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Interpreting tcpo2 curves and results


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A short guide to interpreting tcpO2 data.

Published in: Health & Medicine
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Interpreting tcpo2 curves and results

  1. 1. Interpreting Curves and Results PeriFlux 6000 | tcpO2 made intelligent
  2. 2. Disclaimer The information contained in this document is intended to provide general information only. It is not intended to be, nor does it constitute, medical advice. Under no circumstances is the information contained in this document to be interpreted as a recommendation for a particular treatment for specific individuals. In all cases it is recommended that clinicians perform their own interpretations of data in conjunction with the clinical assessment of their patient. Due to Perimed’s commitment to continuous improvement of our products, all specifications are subject to change without notice. All information and content in this document is protected by copyright. All rights are reserved. Users are prohibited from modifying, copying, distributing, transmitting, displaying, publishing, selling, licensing, creating derivative works, or using any information available in or through the document for commercial or public purposes. All responsibility for any liability, loss or risk, personal or otherwise, which is incurred as a consequence, directly or indirectly, of the use and application of any of the material in this document is specifically disclaimed.
  3. 3. • Calibration • tcpO2 Site Selection • Electrode Maintenance • Interpreting Curves and Results
  4. 4. Transcutaneous oxygen (tcpO2 / TCOM) Reference values 50-70 mmHg Normal < 40 mmHg Impaired Wound Healing < 30 mmHg Critical Limb Ischemia Measures the local oxygen tension in the skin deriving from the local capillary (nutritive) blood perfusion. • Predicts wound healing potential • Helps define degree of small vessel disease • Accurately determines amputation level • Monitors efficacy of patients ongoing therapy • Establishes candidacy for HBO treatment
  5. 5. Influencing Factors • Impaired macrocirculation - Peripheral Arterial Disease • Capillary impairment or… • Cardiopulmonary disease • Edema • High consumption of O2 (e.g. infection or inflammation) • Hair • Topical skin products, lotions, dirt, grease… • Bony prominences, sharply curved anatomy, calloused skin…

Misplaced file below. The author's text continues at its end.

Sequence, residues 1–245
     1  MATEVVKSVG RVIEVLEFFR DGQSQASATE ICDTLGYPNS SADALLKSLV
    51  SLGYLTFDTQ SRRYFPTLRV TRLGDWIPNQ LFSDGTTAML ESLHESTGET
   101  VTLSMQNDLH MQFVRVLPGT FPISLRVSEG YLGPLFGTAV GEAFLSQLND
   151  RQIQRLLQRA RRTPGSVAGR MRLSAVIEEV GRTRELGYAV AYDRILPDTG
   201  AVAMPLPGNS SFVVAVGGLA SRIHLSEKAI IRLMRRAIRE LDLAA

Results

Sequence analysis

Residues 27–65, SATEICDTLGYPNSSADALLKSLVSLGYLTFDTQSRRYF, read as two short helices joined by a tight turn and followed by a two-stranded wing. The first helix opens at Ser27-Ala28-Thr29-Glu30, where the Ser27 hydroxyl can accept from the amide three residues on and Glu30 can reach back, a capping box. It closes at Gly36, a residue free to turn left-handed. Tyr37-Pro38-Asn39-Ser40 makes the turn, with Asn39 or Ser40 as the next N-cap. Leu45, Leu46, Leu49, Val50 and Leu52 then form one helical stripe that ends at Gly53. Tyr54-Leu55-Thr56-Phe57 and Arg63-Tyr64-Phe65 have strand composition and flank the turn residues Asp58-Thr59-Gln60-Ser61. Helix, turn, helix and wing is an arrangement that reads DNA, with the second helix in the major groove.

6. 6. Procedure Details • Typical procedure: – 15 minute baseline – 5 minute leg elevation – 5 minute post-elevation – 10 minute oxygen challenge • Above procedure can also be done without leg elevation (if large vessel disease has been ruled out). Provocations
  7. 7. Typical Data
  8. 8. Why Provocations? • Leg Elevation Test Lift legs 30° with wedge. May be used to confirm macrovascular disease. • Oxygen Challenge tcpO2 measurement during 100 % oxygen inhalation. Discriminates between vascular disease and barriers to diffusion such as edema and/or inflammation. Identifies candidates for HBO therapy.
  9. 9. Leg Elevation Test Lift legs 30° – Expect a drop of < 10 mmHg and/or < 20% (of baseline value). – Values should revert to baseline after wedge (30°) is removed. – Other methods to confirm macrovascular disease include toe and ankle pressure.
  10. 10. O2 Challenge tcpO2 measurement during 100% oxygen inhalation – Expect > 100 mmHg and/or > 100% increase from baseline. – A tight fitting mask, e.g. an NRB mask at 15 l/min, is essential for a successful O2 challenge. IMPORTANT Patients with chronic obstructive pulmonary disease should NOT be subjected to an O2 challenge.
  11. 11. Example 1 - O2 Challenge Baseline tcpO2 = 10 mmHg O2 challenge tcpO2 = 105 mmHg Low tcpO2 values due to barrier to O2 diffusion. Confirmed by good response to O2. Wound healing potential exists. Candidate for HBO.
  12. 12. RIGHT LEFT tcpO2 baseline = 64 mmHg tcpO2 baseline = 43 mmHg Example 2 – O2 Challenge Patient with wound on right foot. Low toe pressures on both sides (R = 16 mmHg, L = 18 mmHg) Is the right side tcpO2 value reliable or is it falsely high? tcpO2 curve shape slowly declining. No initial “dip”(compared with left). Toe pressure results indicate severe macrocirculatory problems (< 30 mmHg). An O2 challenge would have been useful! No response to O2 would have confirmed severe microcirculatory disturbance.
  13. 13. Example 3 – O2 Challenge Similar curves for which an O2 challenge would have been beneficial for the interpretation! No initial dip. Slowly declining tcpO2. Leakage at end of measurement? Falsely high baseline value? True low value due to PAD or falsely low due to barrier to O2 diffusion?